Richard Alpert’s life can be separated into six sections:
pre-Harvard, Harvard, post-Timothy Leary, India, post-India,
and the current post-“stroked.” Befriending Timothy Leary,
author of Turn On, Tune In, Drop Out and The Politics
of Ecstasy, was the first of many life-altering
encounters in Richard’s life. A few years later in India,
Richard was introduced to Maharaj ji who would become
his spiritual leader and bestow upon him the name “Ram
Dass,” meaning “servant of God.”.Ram Dass then went on
to write the best-selling book Be Here Now. Rather
than solely concentrating on these early segments in Ram
Dass: Fierce Grace however, director Mickey Lemle
focuses more intensely on the post-India years and how Ram
Dass’s spirituality has been greatly affected by his stroke,
as unforeseen debilitations and therapy sessions became daily
contestats and reaffirmations of his faith.
This documentary—full of aha moments—transcends the tee-tottering
emotions of tragedy and joy, and reaches a balance both cinematically
and thematically. We see a young activist, soon after the
funeral of her assassinated boyfriend, who epitomizes the
confusion involved when faith collides with injustices in
life. She attempts to deal with his physical removal, all
the while reaching for the belief that he is still with her
in spirit. Ram Dass is overcome with emotion at one point
during their discussion, and together, they ponder the meaning
of “waking up” in relation to spirituality and the necessity
of taxing experiences in life.
The direction of the movie lapses between the present and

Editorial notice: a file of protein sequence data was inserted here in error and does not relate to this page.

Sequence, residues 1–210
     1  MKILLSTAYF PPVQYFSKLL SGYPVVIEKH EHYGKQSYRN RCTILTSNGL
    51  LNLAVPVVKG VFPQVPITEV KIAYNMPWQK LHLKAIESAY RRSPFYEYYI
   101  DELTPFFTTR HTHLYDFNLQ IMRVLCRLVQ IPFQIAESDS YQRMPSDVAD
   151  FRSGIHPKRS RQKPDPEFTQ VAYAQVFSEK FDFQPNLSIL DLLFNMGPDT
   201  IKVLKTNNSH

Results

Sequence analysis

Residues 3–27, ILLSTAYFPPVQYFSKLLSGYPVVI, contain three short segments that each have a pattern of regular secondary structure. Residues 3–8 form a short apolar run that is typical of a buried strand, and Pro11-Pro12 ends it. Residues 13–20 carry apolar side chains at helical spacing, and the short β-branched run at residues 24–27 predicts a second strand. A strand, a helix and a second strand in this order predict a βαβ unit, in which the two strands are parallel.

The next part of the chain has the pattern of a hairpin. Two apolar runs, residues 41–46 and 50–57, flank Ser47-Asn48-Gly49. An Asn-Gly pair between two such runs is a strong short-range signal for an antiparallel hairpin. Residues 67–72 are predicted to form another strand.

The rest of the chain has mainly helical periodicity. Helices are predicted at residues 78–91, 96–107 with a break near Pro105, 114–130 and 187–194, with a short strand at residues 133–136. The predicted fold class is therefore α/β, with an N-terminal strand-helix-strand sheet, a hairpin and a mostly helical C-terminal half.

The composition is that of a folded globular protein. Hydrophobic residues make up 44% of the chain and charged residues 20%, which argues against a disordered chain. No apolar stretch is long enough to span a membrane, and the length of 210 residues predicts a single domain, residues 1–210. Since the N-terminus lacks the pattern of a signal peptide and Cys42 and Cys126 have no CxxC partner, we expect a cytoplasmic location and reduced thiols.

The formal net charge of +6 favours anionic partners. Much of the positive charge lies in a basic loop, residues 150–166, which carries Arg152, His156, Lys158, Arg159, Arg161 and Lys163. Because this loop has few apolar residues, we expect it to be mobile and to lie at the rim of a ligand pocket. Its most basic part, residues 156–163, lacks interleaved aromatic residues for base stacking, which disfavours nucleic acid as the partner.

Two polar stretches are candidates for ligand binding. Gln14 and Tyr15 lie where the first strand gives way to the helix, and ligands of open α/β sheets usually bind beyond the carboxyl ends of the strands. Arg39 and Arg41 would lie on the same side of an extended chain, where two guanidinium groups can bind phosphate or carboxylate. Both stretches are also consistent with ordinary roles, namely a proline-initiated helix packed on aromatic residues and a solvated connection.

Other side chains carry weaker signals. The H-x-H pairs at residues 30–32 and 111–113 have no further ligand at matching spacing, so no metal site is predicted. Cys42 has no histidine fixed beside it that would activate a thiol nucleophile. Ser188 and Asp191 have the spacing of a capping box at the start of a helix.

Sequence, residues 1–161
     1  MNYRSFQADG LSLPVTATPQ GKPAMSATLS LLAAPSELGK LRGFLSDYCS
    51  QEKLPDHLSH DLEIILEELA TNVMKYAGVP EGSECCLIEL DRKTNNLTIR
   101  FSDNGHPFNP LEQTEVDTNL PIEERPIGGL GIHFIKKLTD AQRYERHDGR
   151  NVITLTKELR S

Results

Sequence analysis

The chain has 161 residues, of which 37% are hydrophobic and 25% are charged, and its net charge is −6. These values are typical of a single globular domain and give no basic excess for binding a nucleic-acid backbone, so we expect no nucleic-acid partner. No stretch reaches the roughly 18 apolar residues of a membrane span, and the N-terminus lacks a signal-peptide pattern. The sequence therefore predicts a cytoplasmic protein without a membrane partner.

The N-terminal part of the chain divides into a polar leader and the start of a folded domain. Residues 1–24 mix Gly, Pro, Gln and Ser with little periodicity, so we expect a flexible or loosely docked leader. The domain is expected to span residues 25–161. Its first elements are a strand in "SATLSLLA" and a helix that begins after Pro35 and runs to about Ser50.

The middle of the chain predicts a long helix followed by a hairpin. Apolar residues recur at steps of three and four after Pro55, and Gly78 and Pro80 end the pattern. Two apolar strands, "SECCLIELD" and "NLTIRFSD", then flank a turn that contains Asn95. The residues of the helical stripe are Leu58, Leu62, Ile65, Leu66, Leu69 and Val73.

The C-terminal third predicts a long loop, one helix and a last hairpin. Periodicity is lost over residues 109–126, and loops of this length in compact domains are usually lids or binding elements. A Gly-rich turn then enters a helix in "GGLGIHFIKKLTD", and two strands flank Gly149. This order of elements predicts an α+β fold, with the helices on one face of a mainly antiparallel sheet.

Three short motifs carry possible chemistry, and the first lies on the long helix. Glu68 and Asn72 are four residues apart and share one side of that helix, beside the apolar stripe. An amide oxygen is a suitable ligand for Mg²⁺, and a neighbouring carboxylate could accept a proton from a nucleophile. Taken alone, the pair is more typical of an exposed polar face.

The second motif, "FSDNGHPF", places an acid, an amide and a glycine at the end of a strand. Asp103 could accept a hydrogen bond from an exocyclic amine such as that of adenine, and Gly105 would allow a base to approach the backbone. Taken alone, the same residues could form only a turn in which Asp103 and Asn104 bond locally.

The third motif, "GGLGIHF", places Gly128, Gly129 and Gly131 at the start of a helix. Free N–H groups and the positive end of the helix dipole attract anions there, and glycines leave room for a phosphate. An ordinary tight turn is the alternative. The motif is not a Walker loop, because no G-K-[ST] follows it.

past, adding context to the now, and greater meaning to the
current changes in Ram Dass’s life. Remarkably, the contextual
past feels alive in this film. We know the ’60s were a long
time ago, but in this documentary they’re just one scene away.
Sixteen mm video clips of Ram Dass’s childhood stays at the
family’s estate (dubbed “The Farm”) and documented events
at Harvard and in India ignite the past, making memories more
than just forgettable smoke. Followers and converts sought
insight from him upon his return from India, and the peace,
love, and a dove grove contrasts with Ram Dass’s present reality
of aging and inevitable loss.
Still eloquent despite stroke-induced speech problems, Ram
Dass pointedly articulates reflections concerning his spirituality
that have demanded a fierce ability to accept change. Time
and time again, he creates axioms of truth out of insightful
deductions made from a life fully lived and not yet over.
It’s all reminiscent of a clip from the past when he says
simply, “You can’t buy in to someone else’s trip.”
Ram Dass: Fierce Grace is a well constructed documentary
that functions broadly as a commentary of changing times.
On a smaller scale, however, it is a simple portrait of one
man; a man who is portrayed by the turns in his past, the
light of his present, and the uncertainty of his future.
Are we all capable of fierce grace? Now that’s the stuff
—Sandra M. Ogle